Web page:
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Figure 1.
Decision tree model for the cost-effectiveness of ultrasound (US) relative to single-photon emission computed tomography (SPECT) with technetium Tc 99m sestamibi (SPECT) and bilateral neck exploration (BNE) for the treatment of primary hyperparathyroidism in patients with negative findings on technetium Tc 99m sestamibi scans. Fail indicates treatment failure; UNE, unilateral neck exploration; circles, chance nodes; square, choice nodes (point at which the clinician makes a decision); and triangles, terminal nodes representing end points.

Decision tree model for the cost-effectiveness of ultrasound (US) relative to single-photon emission computed tomography (SPECT) with technetium Tc 99m sestamibi (SPECT) and bilateral neck exploration (BNE) for the treatment of primary hyperparathyroidism in patients with negative findings on technetium Tc 99m sestamibi scans. Fail indicates treatment failure; UNE, unilateral neck exploration; circles, chance nodes; square, choice nodes (point at which the clinician makes a decision); and triangles, terminal nodes representing end points.

Figure 2.
Summary of baseline incremental cost-effectiveness ratios of the 3 diagnostic strategies. At baseline, the single-photon emission computed tomography with technetium Tc 99m sestamibi (SPECT) and bilateral neck exploration (BNE) strategies are more costly and less effective than the ultrasonography (US) strategy.

Summary of baseline incremental cost-effectiveness ratios of the 3 diagnostic strategies. At baseline, the single-photon emission computed tomography with technetium Tc 99m sestamibi (SPECT) and bilateral neck exploration (BNE) strategies are more costly and less effective than the ultrasonography (US) strategy.

Figure 3.
Sensitivity analysis of the cost of bilateral neck exploration (BNE) surgery. SPECT indicates single-photon emission computed tomography with technetium Tc 99m sestamibi; US, ultrasonography.

Sensitivity analysis of the cost of bilateral neck exploration (BNE) surgery. SPECT indicates single-photon emission computed tomography with technetium Tc 99m sestamibi; US, ultrasonography.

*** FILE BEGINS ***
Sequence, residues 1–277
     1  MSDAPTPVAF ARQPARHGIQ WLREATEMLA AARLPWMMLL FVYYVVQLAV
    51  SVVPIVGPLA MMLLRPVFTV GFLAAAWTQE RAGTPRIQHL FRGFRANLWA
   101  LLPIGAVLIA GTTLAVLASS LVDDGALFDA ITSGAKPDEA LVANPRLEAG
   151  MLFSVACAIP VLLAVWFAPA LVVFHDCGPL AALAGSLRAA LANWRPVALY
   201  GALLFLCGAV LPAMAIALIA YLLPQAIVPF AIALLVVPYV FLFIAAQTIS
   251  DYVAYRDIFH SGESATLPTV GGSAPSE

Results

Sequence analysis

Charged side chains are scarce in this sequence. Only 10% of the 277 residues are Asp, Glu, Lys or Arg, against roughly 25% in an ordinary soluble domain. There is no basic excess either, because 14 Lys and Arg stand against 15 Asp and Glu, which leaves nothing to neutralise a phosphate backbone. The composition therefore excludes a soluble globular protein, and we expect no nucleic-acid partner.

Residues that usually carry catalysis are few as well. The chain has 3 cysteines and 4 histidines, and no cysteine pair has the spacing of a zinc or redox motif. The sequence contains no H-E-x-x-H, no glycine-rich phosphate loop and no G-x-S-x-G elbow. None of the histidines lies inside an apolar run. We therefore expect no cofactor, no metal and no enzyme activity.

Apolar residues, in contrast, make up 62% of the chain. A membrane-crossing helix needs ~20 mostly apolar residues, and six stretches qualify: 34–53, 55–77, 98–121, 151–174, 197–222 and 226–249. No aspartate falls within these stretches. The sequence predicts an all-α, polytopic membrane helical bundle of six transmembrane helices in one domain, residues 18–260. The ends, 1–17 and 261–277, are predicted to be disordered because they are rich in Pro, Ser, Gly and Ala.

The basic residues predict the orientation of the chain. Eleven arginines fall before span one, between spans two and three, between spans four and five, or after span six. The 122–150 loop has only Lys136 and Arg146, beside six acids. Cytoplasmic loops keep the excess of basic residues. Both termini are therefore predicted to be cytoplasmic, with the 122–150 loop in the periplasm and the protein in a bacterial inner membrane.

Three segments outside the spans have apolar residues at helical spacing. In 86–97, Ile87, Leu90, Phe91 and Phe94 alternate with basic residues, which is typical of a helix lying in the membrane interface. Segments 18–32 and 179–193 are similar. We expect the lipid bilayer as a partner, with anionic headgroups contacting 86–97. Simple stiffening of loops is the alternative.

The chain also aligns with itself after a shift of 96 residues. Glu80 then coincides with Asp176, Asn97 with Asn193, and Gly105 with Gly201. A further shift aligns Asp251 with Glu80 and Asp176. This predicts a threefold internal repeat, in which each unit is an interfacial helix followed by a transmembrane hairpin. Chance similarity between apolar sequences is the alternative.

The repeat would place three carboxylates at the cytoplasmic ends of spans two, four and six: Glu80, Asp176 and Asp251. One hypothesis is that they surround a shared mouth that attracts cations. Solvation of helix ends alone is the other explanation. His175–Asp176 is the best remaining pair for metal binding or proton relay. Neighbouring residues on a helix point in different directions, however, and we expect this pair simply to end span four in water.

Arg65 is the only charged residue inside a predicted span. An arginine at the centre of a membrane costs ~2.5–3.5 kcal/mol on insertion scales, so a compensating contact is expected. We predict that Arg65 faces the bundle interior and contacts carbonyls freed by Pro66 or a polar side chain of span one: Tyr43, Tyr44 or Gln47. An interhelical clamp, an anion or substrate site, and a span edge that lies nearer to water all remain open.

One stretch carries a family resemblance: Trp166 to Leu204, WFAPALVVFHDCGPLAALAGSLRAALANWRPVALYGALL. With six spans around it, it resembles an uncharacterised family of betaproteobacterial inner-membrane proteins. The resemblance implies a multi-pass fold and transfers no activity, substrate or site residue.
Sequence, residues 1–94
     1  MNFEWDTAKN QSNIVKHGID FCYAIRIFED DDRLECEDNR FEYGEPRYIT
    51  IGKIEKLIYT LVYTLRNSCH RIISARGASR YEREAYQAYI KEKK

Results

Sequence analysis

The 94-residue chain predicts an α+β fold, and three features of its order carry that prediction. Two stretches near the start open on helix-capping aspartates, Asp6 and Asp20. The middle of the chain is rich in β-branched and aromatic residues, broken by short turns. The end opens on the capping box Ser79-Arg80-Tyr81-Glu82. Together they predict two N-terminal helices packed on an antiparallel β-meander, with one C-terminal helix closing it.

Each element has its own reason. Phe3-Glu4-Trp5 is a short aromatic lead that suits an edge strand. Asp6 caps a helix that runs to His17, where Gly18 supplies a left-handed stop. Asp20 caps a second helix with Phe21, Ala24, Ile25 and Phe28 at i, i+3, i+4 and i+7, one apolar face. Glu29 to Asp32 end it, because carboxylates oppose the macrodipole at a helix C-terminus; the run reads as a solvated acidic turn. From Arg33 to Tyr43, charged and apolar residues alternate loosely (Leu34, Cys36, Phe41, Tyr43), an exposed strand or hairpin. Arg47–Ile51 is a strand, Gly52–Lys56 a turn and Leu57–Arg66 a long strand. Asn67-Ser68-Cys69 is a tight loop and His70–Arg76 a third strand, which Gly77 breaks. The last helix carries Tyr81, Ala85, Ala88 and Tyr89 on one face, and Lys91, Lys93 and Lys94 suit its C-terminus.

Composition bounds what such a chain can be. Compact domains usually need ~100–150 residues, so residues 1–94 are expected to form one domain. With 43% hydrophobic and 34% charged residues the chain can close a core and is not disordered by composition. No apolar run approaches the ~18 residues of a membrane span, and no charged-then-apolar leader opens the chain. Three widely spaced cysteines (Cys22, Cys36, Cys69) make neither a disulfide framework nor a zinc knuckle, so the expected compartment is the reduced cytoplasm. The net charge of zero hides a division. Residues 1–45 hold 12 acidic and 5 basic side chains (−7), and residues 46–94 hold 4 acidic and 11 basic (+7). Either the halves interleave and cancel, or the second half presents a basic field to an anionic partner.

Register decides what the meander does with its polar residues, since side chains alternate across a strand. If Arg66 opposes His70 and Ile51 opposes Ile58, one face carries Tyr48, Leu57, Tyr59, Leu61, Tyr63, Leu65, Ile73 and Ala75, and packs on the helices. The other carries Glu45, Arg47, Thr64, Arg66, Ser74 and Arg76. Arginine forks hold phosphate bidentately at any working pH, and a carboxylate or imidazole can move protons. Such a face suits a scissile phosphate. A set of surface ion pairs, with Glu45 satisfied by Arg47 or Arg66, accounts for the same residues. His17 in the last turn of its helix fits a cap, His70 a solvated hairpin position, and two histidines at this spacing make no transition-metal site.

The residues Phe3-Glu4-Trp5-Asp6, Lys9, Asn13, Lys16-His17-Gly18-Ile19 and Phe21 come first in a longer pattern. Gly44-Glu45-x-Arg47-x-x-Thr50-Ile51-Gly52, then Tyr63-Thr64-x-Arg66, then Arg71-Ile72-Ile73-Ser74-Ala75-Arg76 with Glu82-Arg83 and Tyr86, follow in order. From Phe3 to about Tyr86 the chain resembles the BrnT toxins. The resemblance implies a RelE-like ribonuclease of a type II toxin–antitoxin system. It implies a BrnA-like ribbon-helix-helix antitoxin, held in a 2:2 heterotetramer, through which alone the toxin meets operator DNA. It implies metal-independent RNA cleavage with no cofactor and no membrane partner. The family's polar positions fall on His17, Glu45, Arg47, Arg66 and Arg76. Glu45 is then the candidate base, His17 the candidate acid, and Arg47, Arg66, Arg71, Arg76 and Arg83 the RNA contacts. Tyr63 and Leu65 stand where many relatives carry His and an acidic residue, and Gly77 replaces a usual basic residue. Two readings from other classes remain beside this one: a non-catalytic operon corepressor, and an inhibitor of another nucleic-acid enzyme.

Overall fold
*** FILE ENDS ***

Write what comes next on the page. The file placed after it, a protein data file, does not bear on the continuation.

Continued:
Figure 2.
Sensitivity analysis of the cost of unilateral neck exploration (UNE) surgery. SPECT indicates single-photon emission computed tomography with technetium Tc 99m sestamibi; US, ultrasonography.

Sensitivity analysis of the cost of unilateral neck exploration (UNE) surgery. SPECT indicates single-photon emission computed tomography with technetium Tc 99m sestamibi; US, ultrasonography.

Figure 5.
Sensitivity analysis of the cost of ultrasonography (US). BNE indicates bilateral neck exploration; SPECT, single-photon emission computed tomography with technetium Tc 99m sestamibi.

Sensitivity analysis of the cost of ultrasonography (US). BNE indicates bilateral neck exploration; SPECT, single-photon emission computed tomography with technetium Tc 99m sestamibi.

Figure 6.
Sensitivity analysis of the cost of single-photon emission computed tomography with technetium Tc 99m sestamibi (SPECT) testing. BNE indicates bilateral neck exploration; US, ultrasonography.

Sensitivity analysis of the cost of single-photon emission computed tomography with technetium Tc 99m sestamibi (SPECT) testing. BNE indicates bilateral neck exploration; US, ultrasonography.

Table 1. 
Baseline Values and Ranges Used in Sensitivity Analyses for Decision Tree Variables
Baseline Values and Ranges Used in Sensitivity Analyses for Decision Tree Variables
Table 2. 
Baseline Cost-effectiveness Results for 3 Strategies Used in Patients With Negative Dual-Phase Sestamibi Scan Findings
Baseline Cost-effectiveness Results for 3 Strategies Used in Patients With Negative Dual-Phase Sestamibi Scan Findings
Table 3. 
Results of Threshold Analysis
Results of Threshold Analysis
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Original Article
January 2006

The Cost-effectiveness of Additional Preoperative Ultrasonography or Sestamibi–SPECT in Patients With Primary Hyperparathyroidism and Negative Findings on Sestamibi Scans

Author Affiliations